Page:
All of this is not to deny that psychiatric medications can have a genuine value; there are some people – a relative few – who, very simply, really require them. In fact, one of the reasons we tolerate the absurd overuse of psychiatric medications in America is our deep-down realization that we need these drugs to control, sedate and manage the relatively few people who truly need them. We also desire a better solution for the severely afflicted than the stark asylums of yesteryear that warehoused hundreds and sometimes thousands of seriously disturbed people. And also, very frankly, we would rather not have anything to do with truly crazy characters, and so we kind of appreciate the fact that there are medications to chemically control them.
But none of that justifies the creation of a nation state wherein a massive part of the population – including much of the functional, productive middle class – is dependent on mind-altering drugs to get through life.
The desire for drug profits – combined with the profound blindness that results from a de facto atheistic orientation for healing human minds and souls – have taken our nation to a bad place. When our “healers” do not understand human nature, when morality and sin don’t even enter into our thinking about how our mental-emotional problems originate and are fed, when we completely ignore the reality of God’s laws (which reliably results in falling into the grip of dark forces), we compensate by creating our own quasi-”religious” beliefs and “priests” (experts), with their own peculiar “sacraments” and “salvation.” All of which leads us, individually and as a nation, ever more into darkness, rather than into the light.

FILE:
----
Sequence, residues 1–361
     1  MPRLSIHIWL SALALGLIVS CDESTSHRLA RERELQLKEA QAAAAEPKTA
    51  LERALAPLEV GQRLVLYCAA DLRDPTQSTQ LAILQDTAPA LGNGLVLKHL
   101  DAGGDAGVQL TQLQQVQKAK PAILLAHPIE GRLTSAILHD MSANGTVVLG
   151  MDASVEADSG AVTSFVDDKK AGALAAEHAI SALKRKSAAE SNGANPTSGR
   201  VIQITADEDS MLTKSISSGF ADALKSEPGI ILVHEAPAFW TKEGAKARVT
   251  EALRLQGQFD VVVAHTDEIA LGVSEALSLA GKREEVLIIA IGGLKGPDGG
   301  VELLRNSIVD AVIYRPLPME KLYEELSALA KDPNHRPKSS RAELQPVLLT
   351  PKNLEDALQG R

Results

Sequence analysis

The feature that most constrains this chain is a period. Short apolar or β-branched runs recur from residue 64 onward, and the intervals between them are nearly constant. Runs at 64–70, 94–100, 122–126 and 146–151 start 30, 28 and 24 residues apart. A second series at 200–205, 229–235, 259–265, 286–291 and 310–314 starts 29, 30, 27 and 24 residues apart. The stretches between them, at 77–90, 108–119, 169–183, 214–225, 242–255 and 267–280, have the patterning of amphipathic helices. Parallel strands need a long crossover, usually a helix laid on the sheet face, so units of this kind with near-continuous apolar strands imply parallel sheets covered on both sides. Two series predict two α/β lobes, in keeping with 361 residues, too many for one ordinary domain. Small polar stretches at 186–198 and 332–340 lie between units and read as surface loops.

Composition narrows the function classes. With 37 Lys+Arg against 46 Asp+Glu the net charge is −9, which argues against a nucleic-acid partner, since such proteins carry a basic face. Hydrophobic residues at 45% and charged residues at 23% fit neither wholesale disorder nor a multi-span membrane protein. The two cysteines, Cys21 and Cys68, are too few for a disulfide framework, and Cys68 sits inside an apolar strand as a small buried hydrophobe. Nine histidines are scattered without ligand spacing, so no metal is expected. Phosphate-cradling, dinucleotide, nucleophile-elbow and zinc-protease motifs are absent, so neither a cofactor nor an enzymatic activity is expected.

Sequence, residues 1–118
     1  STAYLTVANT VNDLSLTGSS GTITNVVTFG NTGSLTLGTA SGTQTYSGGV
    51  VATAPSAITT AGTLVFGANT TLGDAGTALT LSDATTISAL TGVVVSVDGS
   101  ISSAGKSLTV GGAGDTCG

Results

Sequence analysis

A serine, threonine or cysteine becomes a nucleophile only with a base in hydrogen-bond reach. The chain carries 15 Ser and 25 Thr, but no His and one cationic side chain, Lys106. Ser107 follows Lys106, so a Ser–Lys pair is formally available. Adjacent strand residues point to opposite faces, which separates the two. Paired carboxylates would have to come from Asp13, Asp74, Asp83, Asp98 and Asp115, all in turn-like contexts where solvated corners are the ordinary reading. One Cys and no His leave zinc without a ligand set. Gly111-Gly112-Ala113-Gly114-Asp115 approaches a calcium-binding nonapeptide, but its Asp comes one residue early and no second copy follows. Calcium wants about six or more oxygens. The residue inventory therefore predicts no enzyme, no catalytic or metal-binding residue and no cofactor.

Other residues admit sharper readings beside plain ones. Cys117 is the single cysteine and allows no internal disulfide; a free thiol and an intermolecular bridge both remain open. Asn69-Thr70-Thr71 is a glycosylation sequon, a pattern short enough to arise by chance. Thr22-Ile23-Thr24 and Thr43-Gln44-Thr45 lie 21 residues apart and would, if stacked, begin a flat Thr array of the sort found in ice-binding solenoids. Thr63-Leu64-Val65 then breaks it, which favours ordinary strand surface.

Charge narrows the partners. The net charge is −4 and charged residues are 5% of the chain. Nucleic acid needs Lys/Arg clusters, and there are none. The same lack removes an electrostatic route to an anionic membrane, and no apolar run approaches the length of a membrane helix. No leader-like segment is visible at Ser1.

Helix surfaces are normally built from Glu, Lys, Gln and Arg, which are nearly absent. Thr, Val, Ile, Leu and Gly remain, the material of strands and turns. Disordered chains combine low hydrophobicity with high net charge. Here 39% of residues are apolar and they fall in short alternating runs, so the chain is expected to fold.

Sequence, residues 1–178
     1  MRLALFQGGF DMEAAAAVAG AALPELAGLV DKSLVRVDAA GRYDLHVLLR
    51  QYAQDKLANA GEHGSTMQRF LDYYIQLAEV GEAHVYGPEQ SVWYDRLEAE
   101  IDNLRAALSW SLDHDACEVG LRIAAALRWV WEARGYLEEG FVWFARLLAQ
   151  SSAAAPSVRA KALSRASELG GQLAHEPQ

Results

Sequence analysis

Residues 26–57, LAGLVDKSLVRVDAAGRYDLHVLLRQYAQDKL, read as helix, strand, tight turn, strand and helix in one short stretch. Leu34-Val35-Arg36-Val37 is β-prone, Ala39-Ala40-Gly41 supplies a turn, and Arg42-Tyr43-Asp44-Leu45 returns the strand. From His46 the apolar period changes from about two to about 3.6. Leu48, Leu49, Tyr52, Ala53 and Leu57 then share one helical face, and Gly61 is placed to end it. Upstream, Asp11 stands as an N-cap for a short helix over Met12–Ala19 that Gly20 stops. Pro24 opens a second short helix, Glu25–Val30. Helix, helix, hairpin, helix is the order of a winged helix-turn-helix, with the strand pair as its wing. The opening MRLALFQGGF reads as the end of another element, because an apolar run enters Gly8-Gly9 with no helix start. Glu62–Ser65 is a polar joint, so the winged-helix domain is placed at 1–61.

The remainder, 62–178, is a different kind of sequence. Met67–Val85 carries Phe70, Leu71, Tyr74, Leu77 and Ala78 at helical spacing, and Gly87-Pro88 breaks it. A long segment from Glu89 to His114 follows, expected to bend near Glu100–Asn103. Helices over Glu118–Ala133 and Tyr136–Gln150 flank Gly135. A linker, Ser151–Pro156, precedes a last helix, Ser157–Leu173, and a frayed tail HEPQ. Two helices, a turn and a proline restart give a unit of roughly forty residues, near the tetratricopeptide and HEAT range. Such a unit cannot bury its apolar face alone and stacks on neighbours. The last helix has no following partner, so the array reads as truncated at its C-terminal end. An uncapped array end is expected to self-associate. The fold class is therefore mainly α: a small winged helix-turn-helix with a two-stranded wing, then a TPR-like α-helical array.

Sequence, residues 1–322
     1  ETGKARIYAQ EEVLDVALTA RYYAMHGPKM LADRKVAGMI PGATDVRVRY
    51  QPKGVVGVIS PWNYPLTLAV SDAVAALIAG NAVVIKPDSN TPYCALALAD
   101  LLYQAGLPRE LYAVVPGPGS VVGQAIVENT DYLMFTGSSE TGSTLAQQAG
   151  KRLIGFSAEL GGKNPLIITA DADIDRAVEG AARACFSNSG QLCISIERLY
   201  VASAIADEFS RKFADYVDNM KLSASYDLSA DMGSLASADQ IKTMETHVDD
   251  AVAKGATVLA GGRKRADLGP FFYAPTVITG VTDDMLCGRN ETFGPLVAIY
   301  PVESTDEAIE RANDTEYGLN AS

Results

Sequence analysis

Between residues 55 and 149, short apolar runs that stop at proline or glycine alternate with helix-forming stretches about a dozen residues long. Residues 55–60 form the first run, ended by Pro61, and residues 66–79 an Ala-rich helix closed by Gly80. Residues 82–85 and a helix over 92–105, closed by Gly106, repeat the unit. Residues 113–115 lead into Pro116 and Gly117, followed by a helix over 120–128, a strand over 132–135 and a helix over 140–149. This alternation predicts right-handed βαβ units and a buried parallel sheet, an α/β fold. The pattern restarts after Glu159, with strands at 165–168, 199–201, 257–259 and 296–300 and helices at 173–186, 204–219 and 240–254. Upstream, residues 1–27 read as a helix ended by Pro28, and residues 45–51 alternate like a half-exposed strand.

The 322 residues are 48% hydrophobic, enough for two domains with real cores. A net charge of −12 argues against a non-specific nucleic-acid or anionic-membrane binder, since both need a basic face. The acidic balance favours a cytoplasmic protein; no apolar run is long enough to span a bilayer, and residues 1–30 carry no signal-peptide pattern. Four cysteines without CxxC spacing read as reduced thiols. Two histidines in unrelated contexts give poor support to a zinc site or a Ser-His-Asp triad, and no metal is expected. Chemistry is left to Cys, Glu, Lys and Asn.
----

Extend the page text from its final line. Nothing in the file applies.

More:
Looking to the future, it is shaping up to be – if we keep going in this direction – indistinguishable from the most terrifying science fiction thrillers.
“How Scientists Are Learning to Shape Our Memory.” That’s the headline of a recent Popular Science article, ominously subtitled, “The next treatment for trauma could be spotless minds.”
Noting that painful memories – “roadside bombs, childhood abuse, car accidents” – have the potential to “shape (and damage) us for a lifetime,” the article cites new studies claiming “we’re on the verge of erasing and even rewriting memories.”
For example, since “both PTSD and addiction disorders hinge on memories that can trigger problematic behaviors,” current research predicts future drugs that will cure such conditions by simply eliminating the problem memories: “Several studies have found chemical compounds that can be used to subdue or even delete memories in mice (and maybe someday in people). In June, a report led by an Emory University researcher showed that SR-8993, a drug that acts on the brain’s opioid receptors, can prevent a fear memory from forming.”
The article ends by acknowledging, “The idea of scientists manipulating memory does, naturally, sound a bit creepy. But it also points to some possible good: treatment for millions of people tormented by real memories.”
Meanwhile, groups like the Multidisciplinary Association for Psychedelic Studies, or MAPS, are lobbying hard to legalize all of the psychedelic drugs of the 1960s – not just marijuana, but LSD, psilocybin mushrooms, mescaline and so on, as well as the more modern “rave” drug Ecstasy, or MDMA.
“Psychedelic-legalization supporters say that the American public has been misinformed about the dangers of psychedelic drug use,” claims MAPS, “and … like marijuana, psychedelics have a medicinal benefit that may be a treatment option for groups suffering from mental health and psychological conditions such as autism, depression, post-traumatic stress disorder, schizophrenia and alcoholism.
“A 2011 study from the Center for Autism at the University of California-Los Angeles examined the psychedelic drug MDMA – ecstasy – and found that persons with autism using the drug often report an increase in socialization and strong feelings of empathy that last even after the drug has worn off.”
Read more at http://mobile.wnd.com/2014/02/70-million-americans-taking-mind-altering-drugs/#wd7qaI01Fg5rFEyy.99